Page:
Accessibility Tools

Stem Cell Therapy For Hip Injuries

What is Stem Cell Therapy?

Stem cell therapy is a form of regenerative medicine that utilizes the body’s natural healing mechanism to treat various conditions.

Stem cells are being used in regenerative medicine to renew and repair diseased or damaged tissues and have shown promising results in the treatment of various orthopedic, cardiovascular, neuromuscular, and autoimmune conditions.

Stem cells are present in all of us, acting like a repair system for the body. However, with increased age, the necessary amount of stem cells is not present at the injured area. The goal of stem cell therapy is to amplify this natural repair system by increasing the numbers of stem cells at the injury site.

Types of Stem Cells

There are two major types of stem cells; embryonic stem cells and adult stem cells.

Embryonic stem cells (ESCs) are stem cells derived from human embryos. They are pluripotent, which means they have the ability to develop into almost any of the various cell types of the body.

As the embryo develops and forms a baby, stem cells are distributed throughout the body, where they reside in specific pockets of tissue such as the bone marrow and blood. As we age, these cells function to renew old and worn-out tissues and cells. These are called adult stem cells or somatic stem cells. Like embryonic stem cells, adult stem cells can also turn into more than one cell type, but their differentiation is restricted to a limited number of cell types.

Use of Stem Cells in Orthopedics

The unique self-regenerating and differentiating ability of embryonic stem cells can be used in regenerative medicine.

Adult stem cells can be harvested from many areas in the body including adipose tissue (fat), bone marrow, and peripheral blood. The mesenchymal stem cells are most commonly harvested for stem cell therapy. These have the ability to turn into cells that form the musculoskeletal system such as tendons, ligaments, and articular cartilage and are usually obtained from the bone marrow. A needle is inserted into the iliac crest of the pelvic bone to extract the stem cells from the bone marrow.

Currently, stem cell therapy is used to treat various degenerative conditions of the shoulders, knees, hips, and spine. Stem cells are also being used in the treatment of various soft tissues, such as muscles, ligaments, and tendons as well as bone-related injuries.

Application of Stem Cells in the Treatment of Hip Injuries/Conditions

Stem cell therapy can be used to treat various hip injuries and conditions such as:

  • Joint Arthritis
  • Trochanteric Bursitis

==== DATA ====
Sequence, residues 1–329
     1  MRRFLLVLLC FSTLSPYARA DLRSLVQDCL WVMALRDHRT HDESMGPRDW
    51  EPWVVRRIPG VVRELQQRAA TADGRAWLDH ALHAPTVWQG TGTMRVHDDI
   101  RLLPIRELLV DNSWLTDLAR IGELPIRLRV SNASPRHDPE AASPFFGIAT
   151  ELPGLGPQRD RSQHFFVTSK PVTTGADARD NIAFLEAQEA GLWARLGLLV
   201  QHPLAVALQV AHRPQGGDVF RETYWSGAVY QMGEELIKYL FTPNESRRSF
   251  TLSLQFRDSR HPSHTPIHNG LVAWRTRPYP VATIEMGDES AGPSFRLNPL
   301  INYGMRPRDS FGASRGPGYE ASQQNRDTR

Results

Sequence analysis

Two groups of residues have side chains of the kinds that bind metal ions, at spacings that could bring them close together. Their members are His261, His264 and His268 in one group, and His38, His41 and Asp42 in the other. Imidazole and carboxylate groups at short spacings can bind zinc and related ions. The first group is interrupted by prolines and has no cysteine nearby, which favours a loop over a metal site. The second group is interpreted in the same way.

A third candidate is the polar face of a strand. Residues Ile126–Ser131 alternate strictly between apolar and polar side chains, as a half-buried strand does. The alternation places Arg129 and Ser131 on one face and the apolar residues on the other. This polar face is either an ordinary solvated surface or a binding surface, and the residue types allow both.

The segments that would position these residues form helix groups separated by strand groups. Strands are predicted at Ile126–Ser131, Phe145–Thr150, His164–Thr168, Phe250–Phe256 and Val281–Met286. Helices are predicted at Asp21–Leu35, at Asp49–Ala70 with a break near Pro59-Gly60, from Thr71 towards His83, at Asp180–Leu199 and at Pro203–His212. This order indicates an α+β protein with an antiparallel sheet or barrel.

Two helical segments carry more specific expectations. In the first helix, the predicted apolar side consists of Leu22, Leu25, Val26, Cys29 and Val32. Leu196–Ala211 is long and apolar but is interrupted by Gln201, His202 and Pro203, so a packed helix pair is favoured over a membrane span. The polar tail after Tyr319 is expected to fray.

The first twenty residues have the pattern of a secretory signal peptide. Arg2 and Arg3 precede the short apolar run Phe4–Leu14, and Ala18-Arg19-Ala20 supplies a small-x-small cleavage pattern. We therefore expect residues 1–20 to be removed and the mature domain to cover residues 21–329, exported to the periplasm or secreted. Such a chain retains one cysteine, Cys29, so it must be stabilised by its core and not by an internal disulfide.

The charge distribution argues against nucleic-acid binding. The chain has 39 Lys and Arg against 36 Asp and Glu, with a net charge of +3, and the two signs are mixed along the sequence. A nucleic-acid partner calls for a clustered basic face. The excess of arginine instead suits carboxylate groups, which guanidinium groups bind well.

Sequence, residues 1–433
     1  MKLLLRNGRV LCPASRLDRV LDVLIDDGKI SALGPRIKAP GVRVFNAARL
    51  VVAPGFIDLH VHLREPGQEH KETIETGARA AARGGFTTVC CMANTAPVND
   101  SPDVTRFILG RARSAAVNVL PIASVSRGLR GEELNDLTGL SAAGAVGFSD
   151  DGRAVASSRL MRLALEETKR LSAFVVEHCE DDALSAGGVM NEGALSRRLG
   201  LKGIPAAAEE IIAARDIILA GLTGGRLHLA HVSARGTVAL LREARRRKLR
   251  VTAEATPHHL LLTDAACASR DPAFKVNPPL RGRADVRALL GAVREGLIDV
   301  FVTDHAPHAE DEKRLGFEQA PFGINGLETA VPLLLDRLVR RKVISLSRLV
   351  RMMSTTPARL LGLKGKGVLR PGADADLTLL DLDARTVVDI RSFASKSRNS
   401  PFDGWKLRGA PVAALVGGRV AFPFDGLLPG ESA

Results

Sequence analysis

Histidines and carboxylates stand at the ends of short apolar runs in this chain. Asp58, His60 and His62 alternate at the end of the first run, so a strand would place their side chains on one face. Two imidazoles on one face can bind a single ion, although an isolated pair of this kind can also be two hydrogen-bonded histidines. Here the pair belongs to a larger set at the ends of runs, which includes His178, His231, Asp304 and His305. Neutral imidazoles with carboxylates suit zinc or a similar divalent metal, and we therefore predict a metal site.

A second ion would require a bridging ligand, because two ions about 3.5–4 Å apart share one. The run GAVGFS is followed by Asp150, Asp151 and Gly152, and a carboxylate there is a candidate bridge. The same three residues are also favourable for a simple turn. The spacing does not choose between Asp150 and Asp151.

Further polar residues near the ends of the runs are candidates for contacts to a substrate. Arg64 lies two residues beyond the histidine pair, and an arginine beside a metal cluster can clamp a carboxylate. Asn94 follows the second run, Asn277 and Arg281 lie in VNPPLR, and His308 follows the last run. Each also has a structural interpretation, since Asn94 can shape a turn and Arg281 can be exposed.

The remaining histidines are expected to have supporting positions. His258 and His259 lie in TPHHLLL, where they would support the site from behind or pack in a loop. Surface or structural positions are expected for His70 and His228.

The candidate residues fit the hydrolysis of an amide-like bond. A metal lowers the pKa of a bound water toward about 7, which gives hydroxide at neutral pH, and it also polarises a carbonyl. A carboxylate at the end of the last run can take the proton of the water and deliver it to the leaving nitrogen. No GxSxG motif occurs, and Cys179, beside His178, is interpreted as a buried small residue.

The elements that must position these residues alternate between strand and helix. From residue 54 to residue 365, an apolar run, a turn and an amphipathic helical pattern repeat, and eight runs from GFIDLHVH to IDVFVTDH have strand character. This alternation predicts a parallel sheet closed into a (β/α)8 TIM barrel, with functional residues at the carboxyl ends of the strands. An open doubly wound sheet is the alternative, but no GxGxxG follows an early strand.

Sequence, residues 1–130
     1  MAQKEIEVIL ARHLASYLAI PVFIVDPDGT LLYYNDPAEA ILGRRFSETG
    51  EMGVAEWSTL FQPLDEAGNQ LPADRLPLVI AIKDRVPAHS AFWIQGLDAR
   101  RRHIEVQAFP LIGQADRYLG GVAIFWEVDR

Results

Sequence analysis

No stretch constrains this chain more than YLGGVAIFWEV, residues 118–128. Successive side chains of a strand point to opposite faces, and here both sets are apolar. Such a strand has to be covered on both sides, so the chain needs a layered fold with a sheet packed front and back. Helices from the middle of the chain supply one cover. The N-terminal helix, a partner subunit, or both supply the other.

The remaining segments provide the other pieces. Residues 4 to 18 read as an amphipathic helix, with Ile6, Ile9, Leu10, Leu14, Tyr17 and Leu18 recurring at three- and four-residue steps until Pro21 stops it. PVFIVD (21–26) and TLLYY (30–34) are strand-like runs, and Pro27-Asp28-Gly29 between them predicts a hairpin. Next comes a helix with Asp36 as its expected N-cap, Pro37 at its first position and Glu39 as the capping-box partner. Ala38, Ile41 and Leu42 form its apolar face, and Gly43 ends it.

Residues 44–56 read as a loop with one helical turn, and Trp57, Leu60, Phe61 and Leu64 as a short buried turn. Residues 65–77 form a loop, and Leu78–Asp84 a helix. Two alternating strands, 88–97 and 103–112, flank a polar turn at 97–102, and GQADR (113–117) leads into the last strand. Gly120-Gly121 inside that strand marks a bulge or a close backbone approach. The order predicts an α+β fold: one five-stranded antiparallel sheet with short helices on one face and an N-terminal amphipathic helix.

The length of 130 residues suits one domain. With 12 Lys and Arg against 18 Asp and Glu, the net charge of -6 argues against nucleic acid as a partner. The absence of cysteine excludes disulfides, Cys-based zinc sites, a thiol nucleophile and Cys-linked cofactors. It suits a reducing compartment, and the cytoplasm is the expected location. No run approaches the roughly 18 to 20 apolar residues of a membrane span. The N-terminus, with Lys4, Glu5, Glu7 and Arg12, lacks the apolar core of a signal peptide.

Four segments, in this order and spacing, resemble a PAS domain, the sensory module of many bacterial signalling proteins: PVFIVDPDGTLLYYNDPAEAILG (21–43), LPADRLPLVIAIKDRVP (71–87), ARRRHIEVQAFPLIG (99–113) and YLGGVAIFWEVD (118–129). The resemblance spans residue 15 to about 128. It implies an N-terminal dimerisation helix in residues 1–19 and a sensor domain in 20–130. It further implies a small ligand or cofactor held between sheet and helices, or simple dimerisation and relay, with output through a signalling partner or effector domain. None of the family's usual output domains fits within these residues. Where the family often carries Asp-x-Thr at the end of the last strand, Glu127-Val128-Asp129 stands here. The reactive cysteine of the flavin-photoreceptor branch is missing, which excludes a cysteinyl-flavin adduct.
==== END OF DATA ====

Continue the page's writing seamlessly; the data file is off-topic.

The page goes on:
• Iliopsoas Bursitis
  • Labrum Tear
  • Osteonecrosis of the Femoral Head
  • Iliopsoas/iliotibial Band Tendinitis

Who is a Good Candidate for Stem Cell Therapy?

You may be a good candidate for stem cell therapy if you have been suffering from pain due to any of the above injuries or conditions and want to improve your quality of life while avoiding complications related to invasive surgical procedures.

Stem Cell Therapy Procedure for the Hip

If you decide to use amnion cells, these cells come prepackaged and do not need to be harvested from your body. They are typically injected under light sedation in the surgery center. The procedure only takes a few minutes.

If you decide to use your own stem cells, they will need to be harvested. The procedure begins with your doctor extracting stem cells from your own bone marrow. Bone marrow is usually aspirated from the pelvic bone. Your doctor will first clean and numb your hip area. A needle is then introduced into an area of your pelvic bone known as the iliac crest. Bone marrow is then aspirated using a special syringe and the sample obtained is sent to the laboratory. In the laboratory, the aspirate is spun in a machine for 10 to 15 minutes and a concentrated stem cell sample is separated.

Your doctor then cleans and numbs the area of your hip requiring treatment and under the guidance of special X-rays, injects the stem cells into the region. The whole procedure usually takes less than one hour, and you may return home on the same day.

Postoperative Care for Stem Cell Therapy

  • You may have swelling and discomfort in the joint up to 48 hours after the injection as your body has an expected reaction to the stem cells.
  • You will need to refrain from taking non-steroidal, anti-inflammatory medications (NSAIDs) for a while as this can affect your healing process.

Advantages of Stem Cell Therapy

Stem cell therapy is a relatively simple procedure that avoids the complications associated with invasive surgical procedures. This can provide extended relief in the affected joint when other treatments have failed. This can allow decrease in pain, stiffness and allow

  • Edward-Elmhurst Health Healthy Driven
  • AMITA Health Medical Group
  • Advocate Good Samaritan Hospital
  • Salt Creek Surgery Center